After the election, according to LEADER’s KGB file, the Soviets told Allende he needed to reorganize Chile’s army and intelligence services, and set up a relationship between the intelligence services of the two countries. Allende agreed, something no independent could do. The KGB files reveal nothing about CIA involvement with the Pinochet coup, during which Allende likely killed himself, but the KGB promoted him as a martyr who had been murdered by the Chilean military, which captured Chilean Communist boss Luis Corvalan. The KGB abandoned an elaborate plan to spring Corvalan from a remote prison and eventually swapped him for dissident Vladimir Bukovsky.

 

As part of operation TOUCAN, the KGB also forged a letter tying the CIA to an assassination campaign by Chile’s DINA. The World Was Going Our Way includes the entire letter, for which many fell, including columnist Jack Anderson. The volume also notes that, in 1976, the New York Times published 66 articles on human rights abuses in Chile and only four on Cambodia, where the Khmer Rouge killed 1.5 million out of that nation’s 7.5 million people. The authors find no adequate explanation for this “extraordinary discrepancy,” but there is one.

 

KGB disinformation specialists did their job well and found many on the American Left disposed to believe them. The Allende legend will have to be revised. He was not an independent leader, Chilean patriot, and committed democrat. He was a long-term tool of the KGB and Soviet Union, but one should not look for second thoughts from the American radicals who hailed him. Their ideological outrigger has no rear-view mirror, and they have long since rowed it to new fronts, through which the United States can be denounced.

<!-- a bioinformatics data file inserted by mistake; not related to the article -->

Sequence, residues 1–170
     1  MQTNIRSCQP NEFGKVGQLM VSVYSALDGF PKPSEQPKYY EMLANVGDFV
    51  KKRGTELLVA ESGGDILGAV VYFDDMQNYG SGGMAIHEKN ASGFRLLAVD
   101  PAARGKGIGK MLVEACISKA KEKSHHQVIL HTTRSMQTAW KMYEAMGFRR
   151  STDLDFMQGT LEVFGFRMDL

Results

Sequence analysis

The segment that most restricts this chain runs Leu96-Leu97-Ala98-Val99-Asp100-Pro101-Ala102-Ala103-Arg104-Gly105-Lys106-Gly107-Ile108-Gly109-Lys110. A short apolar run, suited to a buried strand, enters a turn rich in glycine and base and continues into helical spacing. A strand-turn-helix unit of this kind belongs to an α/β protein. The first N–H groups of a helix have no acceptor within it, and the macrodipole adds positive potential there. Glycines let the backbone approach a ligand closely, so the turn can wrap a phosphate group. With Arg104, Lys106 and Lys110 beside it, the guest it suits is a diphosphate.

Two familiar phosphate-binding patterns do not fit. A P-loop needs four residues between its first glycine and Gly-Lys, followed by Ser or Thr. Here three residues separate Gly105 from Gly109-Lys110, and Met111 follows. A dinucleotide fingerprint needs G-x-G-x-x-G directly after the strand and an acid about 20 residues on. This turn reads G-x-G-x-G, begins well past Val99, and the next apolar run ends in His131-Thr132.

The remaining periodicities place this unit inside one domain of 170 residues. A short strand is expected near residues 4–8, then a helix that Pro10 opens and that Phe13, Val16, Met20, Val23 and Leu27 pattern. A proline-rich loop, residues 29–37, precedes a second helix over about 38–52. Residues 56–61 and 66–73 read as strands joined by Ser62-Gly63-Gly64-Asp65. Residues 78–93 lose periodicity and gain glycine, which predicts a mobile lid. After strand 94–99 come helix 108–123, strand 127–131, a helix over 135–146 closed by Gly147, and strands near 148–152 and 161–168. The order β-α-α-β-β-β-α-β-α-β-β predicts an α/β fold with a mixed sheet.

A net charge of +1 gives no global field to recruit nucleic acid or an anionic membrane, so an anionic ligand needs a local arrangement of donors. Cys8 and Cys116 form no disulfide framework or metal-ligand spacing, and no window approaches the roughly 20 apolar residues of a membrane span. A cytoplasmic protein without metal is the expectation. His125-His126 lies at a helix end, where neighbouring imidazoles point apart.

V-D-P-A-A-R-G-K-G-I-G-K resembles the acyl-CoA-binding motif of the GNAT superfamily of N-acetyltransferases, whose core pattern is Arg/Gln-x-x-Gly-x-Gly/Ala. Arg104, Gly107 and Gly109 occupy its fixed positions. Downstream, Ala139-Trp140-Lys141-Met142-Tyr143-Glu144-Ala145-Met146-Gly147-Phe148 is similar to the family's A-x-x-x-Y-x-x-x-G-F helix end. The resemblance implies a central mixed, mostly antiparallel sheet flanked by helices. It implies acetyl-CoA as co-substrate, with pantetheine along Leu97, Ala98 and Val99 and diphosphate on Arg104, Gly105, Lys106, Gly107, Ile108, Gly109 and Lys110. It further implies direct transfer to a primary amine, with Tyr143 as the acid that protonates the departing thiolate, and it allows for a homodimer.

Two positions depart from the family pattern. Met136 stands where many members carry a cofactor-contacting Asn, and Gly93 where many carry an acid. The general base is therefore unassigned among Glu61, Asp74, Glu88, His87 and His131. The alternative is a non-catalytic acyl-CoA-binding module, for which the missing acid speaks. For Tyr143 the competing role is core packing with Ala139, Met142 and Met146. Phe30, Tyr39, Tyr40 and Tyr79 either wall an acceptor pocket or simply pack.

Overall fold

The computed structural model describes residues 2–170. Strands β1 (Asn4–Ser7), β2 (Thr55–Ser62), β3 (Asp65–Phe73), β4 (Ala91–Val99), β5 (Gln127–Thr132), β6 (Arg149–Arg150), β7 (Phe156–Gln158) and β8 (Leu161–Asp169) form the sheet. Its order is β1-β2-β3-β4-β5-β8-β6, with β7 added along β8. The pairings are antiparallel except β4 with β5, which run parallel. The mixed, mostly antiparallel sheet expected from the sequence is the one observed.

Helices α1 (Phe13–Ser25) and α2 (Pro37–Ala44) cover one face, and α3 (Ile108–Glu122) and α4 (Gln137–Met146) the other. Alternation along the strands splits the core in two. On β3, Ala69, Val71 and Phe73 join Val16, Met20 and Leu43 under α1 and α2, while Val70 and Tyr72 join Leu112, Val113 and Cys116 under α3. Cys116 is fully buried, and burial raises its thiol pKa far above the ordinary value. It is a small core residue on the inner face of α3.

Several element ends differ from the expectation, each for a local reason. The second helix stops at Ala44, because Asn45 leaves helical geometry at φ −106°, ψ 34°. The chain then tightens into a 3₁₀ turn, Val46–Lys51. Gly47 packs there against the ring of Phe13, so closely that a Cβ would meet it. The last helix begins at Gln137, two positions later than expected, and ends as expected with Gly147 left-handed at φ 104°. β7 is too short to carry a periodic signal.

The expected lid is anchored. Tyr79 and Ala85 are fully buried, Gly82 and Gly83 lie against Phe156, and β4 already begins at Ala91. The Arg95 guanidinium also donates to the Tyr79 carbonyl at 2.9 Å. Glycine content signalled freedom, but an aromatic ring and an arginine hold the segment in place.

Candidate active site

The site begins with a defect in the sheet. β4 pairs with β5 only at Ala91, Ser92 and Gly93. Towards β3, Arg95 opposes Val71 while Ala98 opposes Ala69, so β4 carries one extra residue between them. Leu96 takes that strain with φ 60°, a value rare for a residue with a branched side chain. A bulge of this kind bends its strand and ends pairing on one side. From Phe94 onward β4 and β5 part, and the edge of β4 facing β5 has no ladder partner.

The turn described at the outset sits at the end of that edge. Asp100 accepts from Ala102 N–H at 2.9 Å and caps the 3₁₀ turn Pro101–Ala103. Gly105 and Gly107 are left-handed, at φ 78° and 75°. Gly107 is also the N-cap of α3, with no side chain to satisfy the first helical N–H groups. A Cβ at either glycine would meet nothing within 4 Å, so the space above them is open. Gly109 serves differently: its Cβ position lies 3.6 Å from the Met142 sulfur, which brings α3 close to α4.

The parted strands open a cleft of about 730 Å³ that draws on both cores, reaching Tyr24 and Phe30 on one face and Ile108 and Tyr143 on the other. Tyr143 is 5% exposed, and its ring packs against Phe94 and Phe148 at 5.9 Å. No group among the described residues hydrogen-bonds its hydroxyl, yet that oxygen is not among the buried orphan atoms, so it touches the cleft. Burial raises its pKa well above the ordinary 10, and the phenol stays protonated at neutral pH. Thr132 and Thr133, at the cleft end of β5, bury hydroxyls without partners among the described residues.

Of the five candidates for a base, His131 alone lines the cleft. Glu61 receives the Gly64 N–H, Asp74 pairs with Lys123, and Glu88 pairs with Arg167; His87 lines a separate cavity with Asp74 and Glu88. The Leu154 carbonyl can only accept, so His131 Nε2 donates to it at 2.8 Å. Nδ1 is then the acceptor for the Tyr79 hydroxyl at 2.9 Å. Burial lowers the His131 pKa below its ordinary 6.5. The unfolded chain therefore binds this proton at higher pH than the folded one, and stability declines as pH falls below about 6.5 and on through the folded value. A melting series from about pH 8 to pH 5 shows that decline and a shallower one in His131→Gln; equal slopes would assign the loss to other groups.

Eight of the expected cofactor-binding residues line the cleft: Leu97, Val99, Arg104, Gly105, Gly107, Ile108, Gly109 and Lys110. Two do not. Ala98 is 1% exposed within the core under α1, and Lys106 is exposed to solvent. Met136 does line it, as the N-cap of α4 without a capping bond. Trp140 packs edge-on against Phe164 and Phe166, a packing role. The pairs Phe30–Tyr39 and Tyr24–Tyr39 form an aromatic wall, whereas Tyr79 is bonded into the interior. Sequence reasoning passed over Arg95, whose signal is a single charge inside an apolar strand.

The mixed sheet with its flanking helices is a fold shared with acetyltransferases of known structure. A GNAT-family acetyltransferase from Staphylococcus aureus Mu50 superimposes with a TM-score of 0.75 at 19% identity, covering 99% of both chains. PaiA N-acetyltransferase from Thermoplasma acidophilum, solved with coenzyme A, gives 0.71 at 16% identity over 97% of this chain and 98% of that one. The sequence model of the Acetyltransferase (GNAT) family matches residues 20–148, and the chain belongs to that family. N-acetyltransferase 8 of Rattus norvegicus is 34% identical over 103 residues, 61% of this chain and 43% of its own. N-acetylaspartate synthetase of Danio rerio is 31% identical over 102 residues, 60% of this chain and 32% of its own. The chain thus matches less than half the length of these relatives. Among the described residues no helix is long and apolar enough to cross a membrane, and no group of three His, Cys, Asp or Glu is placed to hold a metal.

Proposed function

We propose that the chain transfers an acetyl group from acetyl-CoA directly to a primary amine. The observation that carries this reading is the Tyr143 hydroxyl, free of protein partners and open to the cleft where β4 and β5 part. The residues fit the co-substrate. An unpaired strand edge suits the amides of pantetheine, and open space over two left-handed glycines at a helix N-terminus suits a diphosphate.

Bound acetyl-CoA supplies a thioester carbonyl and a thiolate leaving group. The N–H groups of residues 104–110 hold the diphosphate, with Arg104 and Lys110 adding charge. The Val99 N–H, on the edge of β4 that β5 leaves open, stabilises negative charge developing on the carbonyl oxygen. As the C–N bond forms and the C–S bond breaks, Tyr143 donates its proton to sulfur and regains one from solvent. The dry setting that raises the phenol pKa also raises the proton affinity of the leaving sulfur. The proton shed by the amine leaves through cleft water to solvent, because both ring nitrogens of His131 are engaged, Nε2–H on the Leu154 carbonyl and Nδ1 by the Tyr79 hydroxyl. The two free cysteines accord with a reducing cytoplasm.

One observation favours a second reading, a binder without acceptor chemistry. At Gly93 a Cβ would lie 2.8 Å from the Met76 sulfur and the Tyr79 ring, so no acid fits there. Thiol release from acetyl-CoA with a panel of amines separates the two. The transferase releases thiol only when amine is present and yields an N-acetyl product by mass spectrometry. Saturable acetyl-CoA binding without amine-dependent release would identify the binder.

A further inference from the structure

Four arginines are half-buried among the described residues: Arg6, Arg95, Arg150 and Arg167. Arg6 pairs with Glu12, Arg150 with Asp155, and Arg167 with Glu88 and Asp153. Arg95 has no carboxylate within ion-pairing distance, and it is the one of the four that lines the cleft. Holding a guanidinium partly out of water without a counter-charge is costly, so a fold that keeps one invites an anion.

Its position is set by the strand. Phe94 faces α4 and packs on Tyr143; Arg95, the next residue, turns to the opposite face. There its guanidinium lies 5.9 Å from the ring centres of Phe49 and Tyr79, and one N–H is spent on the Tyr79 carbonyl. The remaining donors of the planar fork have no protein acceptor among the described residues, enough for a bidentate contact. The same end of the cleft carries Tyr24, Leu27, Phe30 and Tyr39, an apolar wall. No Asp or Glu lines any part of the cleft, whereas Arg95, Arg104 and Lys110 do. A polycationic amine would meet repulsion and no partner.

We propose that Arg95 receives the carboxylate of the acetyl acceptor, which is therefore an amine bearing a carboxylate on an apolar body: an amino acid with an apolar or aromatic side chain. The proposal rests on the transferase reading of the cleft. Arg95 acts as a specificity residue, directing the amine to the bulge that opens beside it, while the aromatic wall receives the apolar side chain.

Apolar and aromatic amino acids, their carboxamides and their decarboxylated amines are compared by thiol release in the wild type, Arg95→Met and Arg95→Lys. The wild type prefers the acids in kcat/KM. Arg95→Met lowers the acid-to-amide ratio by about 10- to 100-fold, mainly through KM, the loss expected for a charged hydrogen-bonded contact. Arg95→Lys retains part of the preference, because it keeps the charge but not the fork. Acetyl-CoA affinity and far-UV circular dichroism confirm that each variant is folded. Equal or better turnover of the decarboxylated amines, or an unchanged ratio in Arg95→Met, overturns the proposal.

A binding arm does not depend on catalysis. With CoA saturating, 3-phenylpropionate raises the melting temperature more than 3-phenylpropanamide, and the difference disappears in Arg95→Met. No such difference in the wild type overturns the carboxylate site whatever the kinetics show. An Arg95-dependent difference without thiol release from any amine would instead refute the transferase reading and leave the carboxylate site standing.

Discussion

Unlike Fidel Castro, still in power after all these years, Pinochet stepped aside and allowed democratic elections. The ensuing Chilean governments have been cordial toward the United States. The current coalition is friendly to markets, entered a free-trade pact with the United States, and has seen growth rates of six percent. Whether that will continue remains to be seen.

 

Hernando de Soto’s “other path” of free markets is out of favor in Latin America, where the trend is leftward and anti-American. Venezuela’s Hugo Chavez appears to be constantly channeling his inner Castro and Mussolini. The leftist Evo Morales has been elected in Bolivia, and left-leaning governments prevail in Brazil and Argentina. There is no longer a Soviet Union to intervene, but as history shows, Latin American leaders are perfectly capable of wrecking their own economies and confusing their friends with their enemies.

 

New Chilean president Michelle Bachelet is a socialist, an agnostic, and a divorcee. When asked whether she would marry again, she complained that a man would not be asked that sort of question. Reporters might ask her about East Germany, not only a much more repressive dictatorship than Chile under Pinochet (and that shot those who attempted to flee), but also an economic basket case. Or they could ask her about the recently revealed ties between the LEADER and the KGB. Her reaction will tell the tale. 

If Michelle Bachelet retains affection for command-and-control economics, she will invoke the memory of Allende and align with the Chavez bloc. If she is the true independent Allende was not, she will follow another, pro-American path.

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Lloyd Billingsley is the author of From Mainline to Sideline, the Social Witness of the National Council of Churches, and Hollywood Party: How Communism Seduced the American Film Industry in the 1930s and 1940s.